The ET (either today, or the day before) carried a reprint of this Newsweek article by Robert Samuelson-

Joseph Schumpeter, one of the 20th century’s eminent economists, believed that capitalism sowed the seeds of its own destruction. Its chief virtue was long term—the ability to raise wealth and living standards. But short-term politics would fixate on its flaws—instability, unemployment, inequality. Capitalist prosperity also created an oppositional class of “intellectuals” who would nurture popular discontents and disparage values (self-enrichment, risk-taking) necessary for economic success.

Almost everything about Schumpeter’s diagnosis rings true with the glaring exception of his conclusion. American capitalism has flourished despite being subjected to repeated restrictions by disgruntled legislators. Consider the transformation. In 1889, there was no antitrust law (1890), no corporate income tax (1909), no Securities and Exchange Commission (1934) and no Environmental Protection Agency (1970).

[…]

If companies need to be rescued from “the market,” then why shouldn’t Washington permanently run the market? That is a dangerous mindset. It justifies punitive taxes, widespread corporate mandates, selective subsidies and more meddling in companies’ everyday operations. Older and politically powerful industries may benefit at the expense of the new. Innovation and investment may be funneled into fashionable, though economically dubious, projects (think ethanol).

His facts are right, but his arguments are wrong. Read the article to know what I mean. It also pays to revisit his 1992 article on Joseph “creative destruction” Schumpeter

“[C]apitalism … creates, educates and subsidizes a vested interest in social unrest,” Schumpeter wrote. Popular discontent and intellectual hostility would, he thought, doom capitalism and lead to socialism.

Of course, this prophecy remains unfulfilled. Quite the opposite has happened. By socialism, Schumpeter meant governmental control of production, and societies that adopted that system-from the former Soviet Union to China-are now repudiating it. Though personally opposed to socialism, Schumpeter assumed that socialist societies could prosper because giant economic organizations (whether public or private) would gradually master the process of innovation. The entrepreneur would vanish. On this, he was wrong.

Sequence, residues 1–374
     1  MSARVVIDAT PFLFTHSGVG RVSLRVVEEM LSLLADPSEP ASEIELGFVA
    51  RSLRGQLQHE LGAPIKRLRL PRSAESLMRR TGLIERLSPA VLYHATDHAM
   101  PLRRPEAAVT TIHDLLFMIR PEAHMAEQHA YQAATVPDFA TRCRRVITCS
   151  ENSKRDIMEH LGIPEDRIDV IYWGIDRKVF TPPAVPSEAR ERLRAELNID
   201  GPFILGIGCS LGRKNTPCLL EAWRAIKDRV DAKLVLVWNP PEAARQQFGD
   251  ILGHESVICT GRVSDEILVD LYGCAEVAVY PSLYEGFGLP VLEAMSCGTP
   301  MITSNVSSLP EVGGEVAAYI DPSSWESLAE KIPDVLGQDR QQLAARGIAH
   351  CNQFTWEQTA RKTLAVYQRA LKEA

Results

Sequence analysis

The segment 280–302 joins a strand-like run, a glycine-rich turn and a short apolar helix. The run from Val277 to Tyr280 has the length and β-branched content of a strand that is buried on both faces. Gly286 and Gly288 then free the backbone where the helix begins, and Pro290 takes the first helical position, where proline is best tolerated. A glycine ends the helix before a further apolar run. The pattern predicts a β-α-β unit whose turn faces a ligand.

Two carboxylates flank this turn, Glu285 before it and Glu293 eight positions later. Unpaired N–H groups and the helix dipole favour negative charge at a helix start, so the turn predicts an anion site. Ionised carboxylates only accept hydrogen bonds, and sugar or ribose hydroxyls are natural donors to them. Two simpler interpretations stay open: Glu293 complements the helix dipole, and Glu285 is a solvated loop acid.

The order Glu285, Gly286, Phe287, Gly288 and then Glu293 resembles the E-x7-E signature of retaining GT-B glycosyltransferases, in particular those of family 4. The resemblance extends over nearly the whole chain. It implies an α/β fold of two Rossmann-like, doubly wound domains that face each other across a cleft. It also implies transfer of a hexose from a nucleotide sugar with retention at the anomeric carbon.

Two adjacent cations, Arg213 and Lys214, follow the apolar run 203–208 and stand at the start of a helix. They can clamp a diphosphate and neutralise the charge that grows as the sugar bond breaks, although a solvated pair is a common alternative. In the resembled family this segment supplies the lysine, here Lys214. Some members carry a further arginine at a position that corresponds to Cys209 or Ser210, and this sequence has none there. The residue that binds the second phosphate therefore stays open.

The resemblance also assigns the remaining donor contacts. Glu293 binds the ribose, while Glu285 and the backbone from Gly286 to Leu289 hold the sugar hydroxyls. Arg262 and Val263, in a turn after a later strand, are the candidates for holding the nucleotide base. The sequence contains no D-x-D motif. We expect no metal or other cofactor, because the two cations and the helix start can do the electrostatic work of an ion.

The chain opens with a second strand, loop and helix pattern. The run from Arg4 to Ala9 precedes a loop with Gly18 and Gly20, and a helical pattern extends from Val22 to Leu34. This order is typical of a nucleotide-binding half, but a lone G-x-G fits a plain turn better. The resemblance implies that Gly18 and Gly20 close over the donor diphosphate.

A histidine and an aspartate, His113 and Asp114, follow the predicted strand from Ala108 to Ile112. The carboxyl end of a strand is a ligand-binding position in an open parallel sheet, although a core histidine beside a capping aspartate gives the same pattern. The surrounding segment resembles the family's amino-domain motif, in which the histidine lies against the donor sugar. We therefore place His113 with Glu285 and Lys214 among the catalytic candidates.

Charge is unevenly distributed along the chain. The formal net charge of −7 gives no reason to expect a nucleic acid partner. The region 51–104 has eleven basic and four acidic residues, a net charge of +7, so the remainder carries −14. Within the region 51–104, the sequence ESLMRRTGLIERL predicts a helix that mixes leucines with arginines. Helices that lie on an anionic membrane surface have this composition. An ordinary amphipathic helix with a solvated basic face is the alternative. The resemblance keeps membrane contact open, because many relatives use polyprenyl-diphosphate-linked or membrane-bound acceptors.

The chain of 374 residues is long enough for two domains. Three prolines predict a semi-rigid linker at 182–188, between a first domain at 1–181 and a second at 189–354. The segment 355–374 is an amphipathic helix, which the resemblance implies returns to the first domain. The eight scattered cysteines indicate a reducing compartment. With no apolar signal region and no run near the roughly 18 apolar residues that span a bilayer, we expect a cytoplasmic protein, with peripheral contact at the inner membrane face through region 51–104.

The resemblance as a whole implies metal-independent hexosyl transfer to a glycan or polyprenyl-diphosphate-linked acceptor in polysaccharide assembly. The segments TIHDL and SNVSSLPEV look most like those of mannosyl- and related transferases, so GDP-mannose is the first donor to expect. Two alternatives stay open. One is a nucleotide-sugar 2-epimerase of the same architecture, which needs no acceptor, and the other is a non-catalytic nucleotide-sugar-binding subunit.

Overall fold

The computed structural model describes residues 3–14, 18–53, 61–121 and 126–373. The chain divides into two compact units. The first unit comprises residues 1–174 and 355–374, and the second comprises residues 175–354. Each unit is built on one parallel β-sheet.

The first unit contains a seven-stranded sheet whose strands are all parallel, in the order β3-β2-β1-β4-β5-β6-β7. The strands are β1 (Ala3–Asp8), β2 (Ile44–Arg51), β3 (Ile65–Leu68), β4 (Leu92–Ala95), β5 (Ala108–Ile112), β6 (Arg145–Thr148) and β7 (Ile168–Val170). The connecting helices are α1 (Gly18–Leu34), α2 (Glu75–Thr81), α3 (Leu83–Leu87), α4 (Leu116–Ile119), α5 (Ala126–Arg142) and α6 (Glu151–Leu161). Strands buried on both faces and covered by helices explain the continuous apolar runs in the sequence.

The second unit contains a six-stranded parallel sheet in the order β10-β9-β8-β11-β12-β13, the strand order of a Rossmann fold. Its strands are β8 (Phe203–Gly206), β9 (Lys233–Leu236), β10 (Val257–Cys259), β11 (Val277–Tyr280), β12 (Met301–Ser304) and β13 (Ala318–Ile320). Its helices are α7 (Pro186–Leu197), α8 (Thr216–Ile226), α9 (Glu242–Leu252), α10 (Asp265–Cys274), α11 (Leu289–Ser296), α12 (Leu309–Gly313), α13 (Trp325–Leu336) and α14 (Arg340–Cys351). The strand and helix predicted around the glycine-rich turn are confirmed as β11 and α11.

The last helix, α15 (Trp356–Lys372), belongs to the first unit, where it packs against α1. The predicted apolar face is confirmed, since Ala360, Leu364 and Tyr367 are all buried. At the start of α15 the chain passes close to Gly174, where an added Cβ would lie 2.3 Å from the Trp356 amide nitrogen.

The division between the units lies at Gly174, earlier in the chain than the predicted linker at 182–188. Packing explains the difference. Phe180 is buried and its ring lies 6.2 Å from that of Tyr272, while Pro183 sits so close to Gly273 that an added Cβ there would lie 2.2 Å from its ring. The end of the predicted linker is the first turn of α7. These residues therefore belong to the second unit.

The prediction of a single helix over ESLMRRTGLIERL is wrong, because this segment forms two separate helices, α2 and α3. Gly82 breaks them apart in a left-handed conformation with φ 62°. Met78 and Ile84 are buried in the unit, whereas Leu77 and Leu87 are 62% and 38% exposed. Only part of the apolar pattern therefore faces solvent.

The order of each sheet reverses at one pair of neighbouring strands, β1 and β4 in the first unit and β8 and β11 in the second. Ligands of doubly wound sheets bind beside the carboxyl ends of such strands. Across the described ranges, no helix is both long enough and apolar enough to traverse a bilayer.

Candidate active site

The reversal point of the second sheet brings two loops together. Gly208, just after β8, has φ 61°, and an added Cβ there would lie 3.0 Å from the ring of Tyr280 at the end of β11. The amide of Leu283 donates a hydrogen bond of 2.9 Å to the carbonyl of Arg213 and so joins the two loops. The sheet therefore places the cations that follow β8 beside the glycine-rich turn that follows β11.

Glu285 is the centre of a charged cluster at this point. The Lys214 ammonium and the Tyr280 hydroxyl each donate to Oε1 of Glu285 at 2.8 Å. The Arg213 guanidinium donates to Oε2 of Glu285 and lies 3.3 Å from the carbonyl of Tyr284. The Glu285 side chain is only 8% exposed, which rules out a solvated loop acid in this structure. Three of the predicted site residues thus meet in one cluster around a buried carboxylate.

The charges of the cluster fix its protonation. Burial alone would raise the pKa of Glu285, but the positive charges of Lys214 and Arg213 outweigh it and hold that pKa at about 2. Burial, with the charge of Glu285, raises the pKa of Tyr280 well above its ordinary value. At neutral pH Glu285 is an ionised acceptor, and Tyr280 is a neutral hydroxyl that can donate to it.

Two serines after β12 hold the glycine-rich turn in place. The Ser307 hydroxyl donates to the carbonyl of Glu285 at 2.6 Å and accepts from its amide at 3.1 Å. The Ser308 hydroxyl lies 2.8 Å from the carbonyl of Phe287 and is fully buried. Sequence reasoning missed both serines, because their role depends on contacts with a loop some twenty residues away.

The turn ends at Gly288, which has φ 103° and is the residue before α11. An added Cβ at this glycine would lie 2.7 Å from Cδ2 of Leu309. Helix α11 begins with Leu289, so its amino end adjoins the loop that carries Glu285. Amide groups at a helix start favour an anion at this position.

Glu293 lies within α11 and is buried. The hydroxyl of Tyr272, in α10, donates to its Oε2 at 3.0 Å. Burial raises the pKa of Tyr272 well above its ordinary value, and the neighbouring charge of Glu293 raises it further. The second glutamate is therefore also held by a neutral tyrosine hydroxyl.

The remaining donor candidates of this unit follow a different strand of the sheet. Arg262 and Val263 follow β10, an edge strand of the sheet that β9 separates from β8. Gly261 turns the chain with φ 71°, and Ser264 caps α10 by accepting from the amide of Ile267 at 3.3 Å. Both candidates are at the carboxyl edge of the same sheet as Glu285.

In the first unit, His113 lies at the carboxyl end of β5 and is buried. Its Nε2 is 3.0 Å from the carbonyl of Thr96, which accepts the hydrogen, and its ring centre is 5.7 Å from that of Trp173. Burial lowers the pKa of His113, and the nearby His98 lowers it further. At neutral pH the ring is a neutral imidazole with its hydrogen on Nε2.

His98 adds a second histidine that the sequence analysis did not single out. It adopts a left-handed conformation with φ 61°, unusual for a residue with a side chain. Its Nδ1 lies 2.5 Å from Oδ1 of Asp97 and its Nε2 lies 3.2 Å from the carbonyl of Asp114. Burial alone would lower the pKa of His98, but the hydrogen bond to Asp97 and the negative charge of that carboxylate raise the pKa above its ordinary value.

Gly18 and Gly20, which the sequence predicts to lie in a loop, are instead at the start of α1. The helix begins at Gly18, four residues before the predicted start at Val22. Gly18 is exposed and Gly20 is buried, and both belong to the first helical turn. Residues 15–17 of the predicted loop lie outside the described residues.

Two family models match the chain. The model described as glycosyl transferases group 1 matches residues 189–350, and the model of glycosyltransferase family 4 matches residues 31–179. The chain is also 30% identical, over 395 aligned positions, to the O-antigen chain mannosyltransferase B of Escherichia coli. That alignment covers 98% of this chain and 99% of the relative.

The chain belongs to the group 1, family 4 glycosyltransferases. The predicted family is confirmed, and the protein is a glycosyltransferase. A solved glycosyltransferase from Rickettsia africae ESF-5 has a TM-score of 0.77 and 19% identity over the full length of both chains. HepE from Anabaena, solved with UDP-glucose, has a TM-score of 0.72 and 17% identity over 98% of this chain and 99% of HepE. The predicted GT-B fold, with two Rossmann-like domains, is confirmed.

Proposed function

Still, his basic insight survives: capitalist economic success, because it is incomplete and interrupted, breeds its own backlash. The sour public reaction to the present slow economic recovery only highlights a longstanding trend. The growth of Big Government-here, in Europe and in most advanced market societies-has aimed to placate popular discontent without undermining capitalism’s ability to raise living standards.

Were he alive, Schumpeter would surely be wondering whether these two desirable goals are incompatible. What we know is that the rise of Big Government-the expansion of welfare spending and regulation-has roughly coincided with a slowdown in economic growth. The trends are clear. Between 1960 and 1989, government spending in the United States rose from 27 to 36 percent of output; in Germany, the increase was from 32 to 46 percent. Meanwhile, economic growth in industrial countries slowed in the 1980s to about half the rate of the 1960s.

Samuelson ends the article with “[Schumpeter] is typically rated as the century’s second most important economist, behind Keynes.” Then you are reminded of the forgotten Ludwig von Mises, who Peter Boettke refers to as “greatest economic mind of the 20th century.” But remember that Keynes told politicians what they wanted to hear – that they could increase the size of government, and government spending without worrying about “old-fashioned” economic ideas. “That” is why he is the “century’s most important economist”. And “that” is why Mises won’t be recognized – he said that the government had no role to play in the economy. Which politician, and which bureaucrat, and which “intellectual” would be happy to hear that “they” are irrelevant?

As for the ordinary man on the street, you can make him believe anything. His position is not dissimilar to that of a monkey that is part of a road-side show. The primate will jump, roll over, and do any trick that its trainer makes it perform. The same is the case with the man on the street, with the politicians, bureaucrats, and “thought leaders” in control, telling him what to think, and what to do. The sad part is, he thinks that he’s in charge.

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Comments

  • raveler  On March 28, 2009 at 5:59 am

    Obama is a self proclaimed pragmatist, this explains his lunacy where it pertains to government expansion and spending; he is bereft both reason and logic. This blog remains informative with resounding relevant themes. (see my bolg, The Immorality of Government Spending) http://www.raveler.wordpress.com